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Review: Matt Cardle, Oran Mor, Glasgow

Review: Matt Cardle, Oran Mor, Glasgow

Review: Matt Cardle, Oran Mor, Glasgow

Dean McAdam, Music reviewer / / Arts & Ents

Published / Arts & Ents

Dean McAdam's verdict: three stars

There is something extremely apt in the choice of Byres Road’s most notable landmark for Matt Cardle's show.

Less than three years ago, Cardle was largely cast as another faceless product of the X-Factor assembly line after claiming success in the 2010 edition of the show.

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Now, in a renowned venue that in the past decade has undergone a major renovation project, Cardle is continuing a similar transition by comfortably establishing himself as something just a little different from the rest.

His stop at Oran Mor marks the halfway point of his eight-leg ‘Unplugged’ tour, following from three performances across the Irish Sea.

In front of a sold-out audience, Cardle largely drew from his two debut albums, Letters and The Fire, interspersed with a notable nod towards prominent female solo artists in the form of Thank You and Set Fire to the Rain, tipping his hat to Alanis Morissette and Adele respectively.

Cardle began his acoustic set to a rapturous reception, with a performance of Letters, a slow-tempo number that accentuates his crystal-clear falsetto whilst setting the steady, safe approach evident throughout.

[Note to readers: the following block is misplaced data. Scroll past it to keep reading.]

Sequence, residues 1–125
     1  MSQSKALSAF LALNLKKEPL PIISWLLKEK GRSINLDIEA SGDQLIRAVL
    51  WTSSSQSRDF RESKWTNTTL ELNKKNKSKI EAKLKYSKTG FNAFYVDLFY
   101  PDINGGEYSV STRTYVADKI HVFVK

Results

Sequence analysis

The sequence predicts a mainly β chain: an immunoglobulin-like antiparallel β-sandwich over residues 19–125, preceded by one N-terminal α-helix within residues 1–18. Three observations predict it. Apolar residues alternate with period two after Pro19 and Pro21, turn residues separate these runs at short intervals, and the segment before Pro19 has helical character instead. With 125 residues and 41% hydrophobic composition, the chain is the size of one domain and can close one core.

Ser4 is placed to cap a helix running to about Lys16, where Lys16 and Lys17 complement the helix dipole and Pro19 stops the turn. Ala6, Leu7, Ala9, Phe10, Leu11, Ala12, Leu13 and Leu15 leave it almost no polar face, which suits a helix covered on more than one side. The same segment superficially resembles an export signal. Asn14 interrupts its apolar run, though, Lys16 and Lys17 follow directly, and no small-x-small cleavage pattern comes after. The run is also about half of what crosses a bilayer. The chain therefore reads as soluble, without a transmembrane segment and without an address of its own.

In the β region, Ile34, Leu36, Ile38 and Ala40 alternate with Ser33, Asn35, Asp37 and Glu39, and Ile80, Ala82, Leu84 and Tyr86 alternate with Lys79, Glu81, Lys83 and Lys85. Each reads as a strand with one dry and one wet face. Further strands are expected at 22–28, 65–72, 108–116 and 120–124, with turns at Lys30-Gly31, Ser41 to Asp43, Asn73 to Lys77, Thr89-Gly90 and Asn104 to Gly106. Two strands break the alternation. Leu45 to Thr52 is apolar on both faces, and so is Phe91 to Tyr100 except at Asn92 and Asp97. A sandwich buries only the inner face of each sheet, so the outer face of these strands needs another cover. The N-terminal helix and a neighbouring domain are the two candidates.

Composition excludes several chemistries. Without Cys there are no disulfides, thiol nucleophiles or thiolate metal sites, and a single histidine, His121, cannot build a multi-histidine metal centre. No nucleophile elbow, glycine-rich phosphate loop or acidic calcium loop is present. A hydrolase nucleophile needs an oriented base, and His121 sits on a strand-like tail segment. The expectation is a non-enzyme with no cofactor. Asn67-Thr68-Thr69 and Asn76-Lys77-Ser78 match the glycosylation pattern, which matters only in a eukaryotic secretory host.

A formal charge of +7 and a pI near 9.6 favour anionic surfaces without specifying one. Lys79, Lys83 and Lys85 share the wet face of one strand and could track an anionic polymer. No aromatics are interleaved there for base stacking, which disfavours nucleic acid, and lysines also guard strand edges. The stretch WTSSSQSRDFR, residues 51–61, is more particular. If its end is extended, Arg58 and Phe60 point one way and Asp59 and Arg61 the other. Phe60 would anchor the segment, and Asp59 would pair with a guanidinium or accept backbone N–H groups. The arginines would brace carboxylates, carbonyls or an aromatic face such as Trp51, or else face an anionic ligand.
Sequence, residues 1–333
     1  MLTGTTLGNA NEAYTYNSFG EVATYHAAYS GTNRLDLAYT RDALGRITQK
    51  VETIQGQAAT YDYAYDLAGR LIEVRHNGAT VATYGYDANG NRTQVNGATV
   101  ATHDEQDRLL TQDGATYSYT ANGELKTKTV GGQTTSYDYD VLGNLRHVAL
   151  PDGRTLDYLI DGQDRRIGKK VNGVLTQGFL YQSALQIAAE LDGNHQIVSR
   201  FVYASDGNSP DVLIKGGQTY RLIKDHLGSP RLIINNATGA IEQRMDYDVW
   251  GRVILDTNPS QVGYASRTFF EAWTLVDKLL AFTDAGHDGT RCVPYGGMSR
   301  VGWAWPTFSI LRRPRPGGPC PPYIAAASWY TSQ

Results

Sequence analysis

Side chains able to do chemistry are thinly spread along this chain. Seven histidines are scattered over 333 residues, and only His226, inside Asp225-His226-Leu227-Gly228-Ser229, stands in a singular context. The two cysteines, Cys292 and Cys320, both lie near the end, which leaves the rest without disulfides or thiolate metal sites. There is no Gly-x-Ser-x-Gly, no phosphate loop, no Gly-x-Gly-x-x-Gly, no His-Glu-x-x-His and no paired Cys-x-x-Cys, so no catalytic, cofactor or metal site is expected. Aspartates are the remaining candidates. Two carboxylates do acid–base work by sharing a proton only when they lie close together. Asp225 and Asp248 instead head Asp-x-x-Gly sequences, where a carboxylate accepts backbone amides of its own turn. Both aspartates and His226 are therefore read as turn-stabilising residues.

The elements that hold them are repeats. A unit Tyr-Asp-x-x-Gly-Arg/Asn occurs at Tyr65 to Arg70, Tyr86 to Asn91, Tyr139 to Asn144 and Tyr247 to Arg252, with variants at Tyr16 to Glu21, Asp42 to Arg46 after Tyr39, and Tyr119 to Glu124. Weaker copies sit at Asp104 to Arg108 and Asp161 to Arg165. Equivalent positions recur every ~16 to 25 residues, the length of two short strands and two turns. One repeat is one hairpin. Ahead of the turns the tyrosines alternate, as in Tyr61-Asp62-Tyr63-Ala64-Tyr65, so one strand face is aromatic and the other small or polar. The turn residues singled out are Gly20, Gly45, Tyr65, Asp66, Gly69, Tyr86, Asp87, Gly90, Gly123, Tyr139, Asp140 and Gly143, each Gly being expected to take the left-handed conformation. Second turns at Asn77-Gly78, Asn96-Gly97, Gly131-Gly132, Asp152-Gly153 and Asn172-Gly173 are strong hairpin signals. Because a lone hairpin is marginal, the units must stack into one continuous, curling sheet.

This minimalist approach appears to suit Cardle, delivering an assured introduction. This less-is-more attitude similarly pays off with a high-tempo rendition of Amy Winehouse’s You Know I’m No Good, touching on his X-Factor roots with a strong vocal presence.

Indeed, Cardle delivers his strongest performances on his cover versions. His homage to Adele is surprisingly adept, bringing an impressive clarity to a challenging number by providing a delicate, emotionally-connected effort.

Against this, there appears to be a drop-off in both tempo and lyrical edge in some earlier efforts from his debut album. In particular, When We Collide and Lost And Found are comfortably sung, but appear to be well within Cardle’s vocal range, and this caution has the undesired effect of dragging these numbers into melancholy at parts.

However, he finishes on a high with a stirring rendition of It’s Only Love, and leaves the best for the very end with a stand-out performance of First Time Ever I Saw Your Face, one that provides real gravity and passion and provides a fitting climax to his new venture.

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